Finally, after deciding to leave Connecticut, I accepted a Distinguished Visiting Professor position at the U.S. Naval Academy in Annapolis, MD starting in August. I am looking forward to this unique opportunity to serve my country again and to help prepare our nation’s future leaders. As a result, it’s time for us to say, goodbye and good luck Connecticut, and Go NAVY!

David M. Walker is the former U.S. Comptroller General.

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  1. I am sure that David Walker will not be the only one leaving Connecticut this coming year. Very sad indeed. While the leaders may change, our situation never seems to change. I am hoping that the new mayor in New Haven will get things under control once and for all. It won’t be easy after the mess he’s been left, but if we all pull together and support him, maybe things can start to turn around for New Haven!

    1. We left Connecticut last year. After my husband and I working a total of 6 jobs and having reached our 60s, it was time to think of how much longer we could continue. With the possible tolls, we looked at our driving to these jobs and nothing added up in our life. – taxes taxes taxes. We decided we needed to move out of Connecticut. We moved to Arizona and have finally been able to breathe. Our life is finally not giving our pay to taxes. We miss the state and it’s beauty and shoreline but we don’t miss the high cost of living in a state throb does not care about its residents.

  2. Our state is in a fiscal death spiral which is firmly in control by an unholy Democrat/Union alliance and their public relations arm in the local media. More taxes disguised as fees and tolls are ahead to feed the state union retirement benefit beast. State workers are the biggest employer in Connecticut and there is no serious effort to contain or even freeze spending. Instead of dealing with the fiscal issues in Hartford, we the taxpayers bailed them out. Hope springs eternal, but I don’t see things changing anytime soon.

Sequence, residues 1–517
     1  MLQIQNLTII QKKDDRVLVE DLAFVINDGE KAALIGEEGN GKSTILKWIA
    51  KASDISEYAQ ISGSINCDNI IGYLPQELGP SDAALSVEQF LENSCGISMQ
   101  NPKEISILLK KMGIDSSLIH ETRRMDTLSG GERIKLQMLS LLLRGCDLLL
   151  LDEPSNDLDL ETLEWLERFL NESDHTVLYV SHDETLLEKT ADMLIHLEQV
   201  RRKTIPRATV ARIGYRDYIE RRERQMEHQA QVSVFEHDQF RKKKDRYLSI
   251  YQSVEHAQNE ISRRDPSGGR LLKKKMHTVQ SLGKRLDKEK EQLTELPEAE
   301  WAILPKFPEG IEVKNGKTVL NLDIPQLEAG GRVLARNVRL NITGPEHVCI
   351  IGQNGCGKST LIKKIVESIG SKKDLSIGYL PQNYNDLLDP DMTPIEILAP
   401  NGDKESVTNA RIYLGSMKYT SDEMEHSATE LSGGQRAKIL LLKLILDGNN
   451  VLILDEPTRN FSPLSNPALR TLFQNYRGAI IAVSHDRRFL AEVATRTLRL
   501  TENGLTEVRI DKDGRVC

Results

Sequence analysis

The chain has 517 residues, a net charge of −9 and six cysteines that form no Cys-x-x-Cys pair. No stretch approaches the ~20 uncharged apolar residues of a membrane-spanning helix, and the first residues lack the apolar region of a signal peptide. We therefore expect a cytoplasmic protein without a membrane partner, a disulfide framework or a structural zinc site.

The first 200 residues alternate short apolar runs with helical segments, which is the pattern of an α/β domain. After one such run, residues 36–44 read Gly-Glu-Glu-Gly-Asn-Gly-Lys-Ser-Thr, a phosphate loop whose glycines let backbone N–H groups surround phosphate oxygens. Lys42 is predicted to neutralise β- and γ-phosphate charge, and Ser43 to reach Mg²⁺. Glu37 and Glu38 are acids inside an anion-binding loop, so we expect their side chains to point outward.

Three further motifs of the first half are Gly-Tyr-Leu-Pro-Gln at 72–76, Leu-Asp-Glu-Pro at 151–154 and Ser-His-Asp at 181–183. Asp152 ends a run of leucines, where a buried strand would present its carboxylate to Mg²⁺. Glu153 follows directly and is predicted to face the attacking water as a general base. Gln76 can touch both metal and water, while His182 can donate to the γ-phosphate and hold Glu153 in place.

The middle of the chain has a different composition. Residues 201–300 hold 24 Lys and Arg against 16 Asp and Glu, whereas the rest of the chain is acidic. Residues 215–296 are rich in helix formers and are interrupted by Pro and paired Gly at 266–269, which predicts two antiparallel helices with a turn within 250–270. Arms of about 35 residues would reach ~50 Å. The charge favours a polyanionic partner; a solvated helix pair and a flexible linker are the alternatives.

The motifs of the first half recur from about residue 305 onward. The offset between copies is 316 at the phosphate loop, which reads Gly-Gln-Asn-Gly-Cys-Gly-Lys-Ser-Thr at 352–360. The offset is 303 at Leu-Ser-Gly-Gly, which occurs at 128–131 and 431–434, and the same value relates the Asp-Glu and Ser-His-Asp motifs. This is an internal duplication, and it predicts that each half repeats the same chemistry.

The definition of insanity in Connecticut is to keep voting for Democrats and expecting different results.

  3. I want to publicly thank David Walker for taking the time and effort to write a meaningful, obviously heartfelt and well-intentioned goodbye to Connecticut (originally published June 6, 2019). Sadly, too few will read it, too few will understand it, and too few of those who read and understand it will have the courage to respond publicly. Connecticut’s loss of people such as David Walker and his wife is a small but real blow to a state that is in many ways being pulled ever further downward by everything including apathy to corruption to national/global competition. Too few in Connecticut care, too few understand, too few are equipped to do anything positive. And too many of those who care, understand and have the wherewithal to take action will act by leaving — a rational decision, given the circumstances. We can all learn much from David Walker’s goodbye.